UK: Court of Appeal overturns EAT decision in Kostal case on unlawful inducements (s.145B TULRCA)

The Court of Appeal has handed down judgment in Kostal UK Ltd v Dunkley and others, a case concerning the scope of s.145B of TULR(C)A. In a decision which will be welcomed by employers who recognise a trade union, the Court of Appeal allowed Kostal’s appeal and overturned the decisions of the EAT and ET. Section 145B is complex but essentially prohibits employers from making offers directly to union members to change their terms and conditions in order to avoid collective bargaining (ie if the employer’s “sole or main purpose” in making the offer is to achieve a “prohibited result”). The issue in this case was whether the employer’s sole or main purpose was to achieve a prohibited result where it made a pay offer direct to employees following the breakdown of pay negotiations, but did not intend that pay would not be collectively bargained in future. The CoA held that this did not fall within the prohibited result. This case is the first time that s.145B has been considered at appellate level.

The facts are set out in detail in our Be Aware post of 19 December 2017 covering the EAT’s decision. Briefly, Kostal had a collective bargaining agreement with Unite which provided for pay negotiations to commence in October with a normally effective date of 1 January. Pay negotiations commenced in October 2015 but, following failure to reach a deal, in December 2015 Kostal issued a general notice indicating its intention to make an offer direct to the employees, and on 10 December 2015 Kostal wrote to all employees offering a 2 or 4% pay rise and Christmas bonus. Later in December Kostal issued a further general notice encouraging employees to agree to the changes and reminding them that they would not receive their Christmas bonus if they did not. Kostal also wrote to individual employees who had not yet accepted the offer on 29 January 2016 repeating the offer. A collective agreement on pay was eventually reached in November 2016.

The claimants brought claims that their rights under s.145B were infringed by the letters of 10 December and 29 January. Those claims were successful in the ET, which awarded £7,600 compensation to each of the 55 claimants, and on appeal to the EAT which upheld the ET’s judgment.

Kostal appealed to the Court of Appeal (CoA). The CoA upheld the appeal, overturning the decisions of both the EAT and the ET. Bean LJ, giving the lead judgment, said that the construction of s.145B favoured by the ET and the majority of the EAT would amount to giving a recognised trade union a veto over even the most minor changes in the terms and conditions of employment. In the view of the CoA this could not be what Parliament intended. The ET found, and were entitled to find, that Kostal’s purpose in making the offers to individual employees was to circumvent the collective bargaining process, but it did not follow that this was a prohibited result within s.145B.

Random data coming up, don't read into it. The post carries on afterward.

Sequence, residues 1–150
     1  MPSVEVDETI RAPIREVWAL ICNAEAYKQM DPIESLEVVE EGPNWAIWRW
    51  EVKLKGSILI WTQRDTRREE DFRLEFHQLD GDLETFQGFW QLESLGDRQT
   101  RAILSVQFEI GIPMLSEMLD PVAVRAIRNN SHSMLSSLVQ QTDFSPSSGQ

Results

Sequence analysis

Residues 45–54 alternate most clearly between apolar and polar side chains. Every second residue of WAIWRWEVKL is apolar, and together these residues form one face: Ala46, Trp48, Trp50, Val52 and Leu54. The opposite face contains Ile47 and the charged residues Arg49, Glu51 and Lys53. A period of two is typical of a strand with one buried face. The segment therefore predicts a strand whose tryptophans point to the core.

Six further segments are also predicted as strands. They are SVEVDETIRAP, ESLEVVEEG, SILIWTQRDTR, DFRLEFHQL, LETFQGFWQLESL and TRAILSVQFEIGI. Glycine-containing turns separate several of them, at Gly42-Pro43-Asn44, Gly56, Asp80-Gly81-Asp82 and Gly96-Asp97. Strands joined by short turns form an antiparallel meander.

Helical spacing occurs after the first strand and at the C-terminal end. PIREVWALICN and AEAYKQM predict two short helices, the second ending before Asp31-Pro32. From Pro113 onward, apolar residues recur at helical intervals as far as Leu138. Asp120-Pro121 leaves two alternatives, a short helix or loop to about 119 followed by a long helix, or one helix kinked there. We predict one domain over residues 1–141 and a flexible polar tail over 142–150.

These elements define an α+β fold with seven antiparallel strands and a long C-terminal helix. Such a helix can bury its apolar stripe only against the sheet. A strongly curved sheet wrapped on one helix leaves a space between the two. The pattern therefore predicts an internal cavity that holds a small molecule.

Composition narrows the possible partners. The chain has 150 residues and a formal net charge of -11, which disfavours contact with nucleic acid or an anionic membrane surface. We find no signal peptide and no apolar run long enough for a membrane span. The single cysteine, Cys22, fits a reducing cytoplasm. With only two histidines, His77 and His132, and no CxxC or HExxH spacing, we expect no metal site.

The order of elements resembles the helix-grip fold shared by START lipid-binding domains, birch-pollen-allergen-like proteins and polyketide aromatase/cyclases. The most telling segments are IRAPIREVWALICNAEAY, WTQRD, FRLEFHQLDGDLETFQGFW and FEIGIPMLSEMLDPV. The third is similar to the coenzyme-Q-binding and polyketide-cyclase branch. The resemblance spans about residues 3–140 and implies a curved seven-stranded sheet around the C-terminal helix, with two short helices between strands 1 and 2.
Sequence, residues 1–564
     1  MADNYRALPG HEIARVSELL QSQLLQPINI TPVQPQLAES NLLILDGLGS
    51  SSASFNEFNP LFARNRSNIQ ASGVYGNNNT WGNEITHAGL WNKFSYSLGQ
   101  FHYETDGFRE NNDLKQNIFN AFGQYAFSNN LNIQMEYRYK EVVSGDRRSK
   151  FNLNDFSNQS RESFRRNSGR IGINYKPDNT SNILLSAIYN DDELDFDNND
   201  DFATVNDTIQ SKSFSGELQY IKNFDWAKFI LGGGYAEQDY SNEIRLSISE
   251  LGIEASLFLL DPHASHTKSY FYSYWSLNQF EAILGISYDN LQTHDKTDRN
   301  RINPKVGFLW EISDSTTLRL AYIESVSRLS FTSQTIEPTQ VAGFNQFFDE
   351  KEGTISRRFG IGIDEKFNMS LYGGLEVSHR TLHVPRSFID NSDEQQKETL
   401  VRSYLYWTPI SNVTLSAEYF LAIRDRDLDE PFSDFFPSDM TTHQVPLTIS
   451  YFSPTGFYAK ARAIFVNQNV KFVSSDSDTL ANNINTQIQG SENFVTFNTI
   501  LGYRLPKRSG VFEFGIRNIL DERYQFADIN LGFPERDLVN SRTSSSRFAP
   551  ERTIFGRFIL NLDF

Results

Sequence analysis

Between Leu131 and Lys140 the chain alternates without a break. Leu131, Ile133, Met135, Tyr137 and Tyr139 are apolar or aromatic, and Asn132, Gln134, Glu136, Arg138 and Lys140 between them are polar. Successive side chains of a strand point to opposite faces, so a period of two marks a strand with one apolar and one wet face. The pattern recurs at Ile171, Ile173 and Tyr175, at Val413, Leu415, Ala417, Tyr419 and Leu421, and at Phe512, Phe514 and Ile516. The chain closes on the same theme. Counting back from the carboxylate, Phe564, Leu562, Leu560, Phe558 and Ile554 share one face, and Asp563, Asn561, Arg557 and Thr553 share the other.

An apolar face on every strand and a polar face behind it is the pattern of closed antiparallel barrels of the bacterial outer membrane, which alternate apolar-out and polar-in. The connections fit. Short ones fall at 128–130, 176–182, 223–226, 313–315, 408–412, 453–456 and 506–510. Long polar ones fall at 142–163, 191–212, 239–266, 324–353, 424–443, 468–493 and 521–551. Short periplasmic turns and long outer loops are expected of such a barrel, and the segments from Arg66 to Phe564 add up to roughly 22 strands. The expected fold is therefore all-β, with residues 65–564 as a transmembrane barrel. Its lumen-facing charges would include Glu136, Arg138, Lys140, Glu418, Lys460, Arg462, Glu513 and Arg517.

The CoA considered that there are two types of prohibited result. The first is where a trade union is seeking to be recognised and the employer makes an offer whose sole or main purpose is to achieve the result that the workers’ terms will not be determined by collective agreement. The second is where a trade union is already recognised, the workers’ terms are determined by collective agreement negotiated by or on behalf of the union and the employer makes an offer whose sole or main purpose is to achieve the result that the workers’ terms, or one or more of them, will no longer be determined by collective agreement on a permanent basis. The CoA did not accept that there is a third type, as in the present case, where a union is recognised, the workers’ terms are determined by collective agreement negotiated by or on behalf of the union and the employer makes an offer whose sole or main purpose is to achieve the result that one or more of the workers’ terms of employment will not be determined by collective agreement on this one occasion. The CoA considered that otherwise s.145B would give a recognised trade union an effective veto over any direct offer to employees concerning any term of the contract, this would go far beyond the reasons for which s.145B was enacted and in such as case the members of the union are not being asked to relinquish, even temporarily, their right to be represented by the union in the collective bargaining process. It also remains open to the union to ballot their members for industrial action.